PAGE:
In images of Jezero crater on Mars, it looks like the delta fan is higher than the surrounding crater floor.


This indeed seems to be the case with closer-up images from the Perseverance rover taken from the edge of the delta.


Intuitively, I would guess that a river flowing would dig a kind of trench in the ground where it flows, so the ancient river bed would be lower than its surroundings. So how did the delta end up higher than its surroundings?

My hypothesis is that sediments were deposited, and erosion wore off the rocks around the delta, but somehow, the sediments from the delta were harder and didn't wear off as fast. Is this indeed the case, or is some other mechanism at play?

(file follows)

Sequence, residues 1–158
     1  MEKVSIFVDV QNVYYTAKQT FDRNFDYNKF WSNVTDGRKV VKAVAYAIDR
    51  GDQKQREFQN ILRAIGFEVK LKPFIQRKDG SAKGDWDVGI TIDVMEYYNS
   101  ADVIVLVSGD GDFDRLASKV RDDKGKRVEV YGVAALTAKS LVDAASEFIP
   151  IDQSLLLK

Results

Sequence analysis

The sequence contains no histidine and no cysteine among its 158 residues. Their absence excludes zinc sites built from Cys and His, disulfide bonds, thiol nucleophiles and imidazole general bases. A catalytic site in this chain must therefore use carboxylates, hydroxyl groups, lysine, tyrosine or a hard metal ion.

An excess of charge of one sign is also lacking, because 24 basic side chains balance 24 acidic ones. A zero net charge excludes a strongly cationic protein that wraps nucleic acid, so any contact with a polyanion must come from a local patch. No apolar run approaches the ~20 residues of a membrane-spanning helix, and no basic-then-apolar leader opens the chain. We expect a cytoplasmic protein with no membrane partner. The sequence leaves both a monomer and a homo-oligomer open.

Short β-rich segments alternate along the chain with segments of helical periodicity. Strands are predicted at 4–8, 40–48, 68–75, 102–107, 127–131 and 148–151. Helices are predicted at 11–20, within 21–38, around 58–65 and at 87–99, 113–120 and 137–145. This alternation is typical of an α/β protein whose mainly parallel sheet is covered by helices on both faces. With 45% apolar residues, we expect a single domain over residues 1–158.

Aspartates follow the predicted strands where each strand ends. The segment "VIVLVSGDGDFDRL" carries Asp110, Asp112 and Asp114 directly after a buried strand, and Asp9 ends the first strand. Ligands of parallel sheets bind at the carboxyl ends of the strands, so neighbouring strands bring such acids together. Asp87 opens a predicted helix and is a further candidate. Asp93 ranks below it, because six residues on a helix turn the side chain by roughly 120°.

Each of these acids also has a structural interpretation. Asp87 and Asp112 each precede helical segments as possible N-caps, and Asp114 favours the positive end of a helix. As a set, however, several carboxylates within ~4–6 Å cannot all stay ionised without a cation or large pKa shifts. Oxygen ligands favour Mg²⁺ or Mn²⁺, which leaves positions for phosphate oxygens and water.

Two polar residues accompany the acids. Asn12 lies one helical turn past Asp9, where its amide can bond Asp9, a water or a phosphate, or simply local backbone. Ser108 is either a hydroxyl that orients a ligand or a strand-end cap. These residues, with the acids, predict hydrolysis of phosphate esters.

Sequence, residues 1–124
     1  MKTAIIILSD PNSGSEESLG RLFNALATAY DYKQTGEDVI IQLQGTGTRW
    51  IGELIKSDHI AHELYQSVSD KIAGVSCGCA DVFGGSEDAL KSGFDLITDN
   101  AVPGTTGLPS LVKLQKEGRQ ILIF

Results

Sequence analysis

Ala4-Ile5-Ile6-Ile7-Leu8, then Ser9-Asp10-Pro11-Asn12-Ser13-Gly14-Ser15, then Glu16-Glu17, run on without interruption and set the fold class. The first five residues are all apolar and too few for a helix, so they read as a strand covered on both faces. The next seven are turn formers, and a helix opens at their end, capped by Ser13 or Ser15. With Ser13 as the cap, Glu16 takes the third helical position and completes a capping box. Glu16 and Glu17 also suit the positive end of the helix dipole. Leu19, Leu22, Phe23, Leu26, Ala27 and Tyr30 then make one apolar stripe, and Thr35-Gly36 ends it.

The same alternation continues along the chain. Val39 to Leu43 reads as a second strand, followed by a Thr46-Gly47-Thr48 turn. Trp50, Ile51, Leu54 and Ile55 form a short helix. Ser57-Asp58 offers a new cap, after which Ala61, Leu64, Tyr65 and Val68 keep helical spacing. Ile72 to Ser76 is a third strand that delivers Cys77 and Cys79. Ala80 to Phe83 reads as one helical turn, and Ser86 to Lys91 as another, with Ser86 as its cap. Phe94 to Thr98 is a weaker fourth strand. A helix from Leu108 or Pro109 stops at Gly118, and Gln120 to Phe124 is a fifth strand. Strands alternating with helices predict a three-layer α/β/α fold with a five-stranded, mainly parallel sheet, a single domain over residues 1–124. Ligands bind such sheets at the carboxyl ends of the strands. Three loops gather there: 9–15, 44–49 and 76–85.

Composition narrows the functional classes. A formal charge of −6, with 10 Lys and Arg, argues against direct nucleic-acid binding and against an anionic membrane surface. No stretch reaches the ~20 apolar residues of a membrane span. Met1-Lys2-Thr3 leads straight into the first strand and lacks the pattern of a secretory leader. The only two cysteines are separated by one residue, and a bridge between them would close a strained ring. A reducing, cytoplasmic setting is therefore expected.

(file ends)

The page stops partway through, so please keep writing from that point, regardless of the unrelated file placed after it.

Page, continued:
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    $\begingroup$ Bear in mind that, as a delta, it was emplaced under water, the crater being filled by a lake at the time. $\endgroup$ Oct 21 at 19:55
  • $\begingroup$ Relevant paper: doi.org/10.1016/j.pss.2012.02.003 $\endgroup$ Oct 22 at 10:19
  • $\begingroup$ Even if not an actual delta (that is, deposited under water), alluvial fans in fairly dry regions have a similar geometry. That is, most of the material is transported by fairly infrequent "flash flood" events, rather than by continual erosion & transport. $\endgroup$
    – jamesqf
    Oct 24 at 2:57

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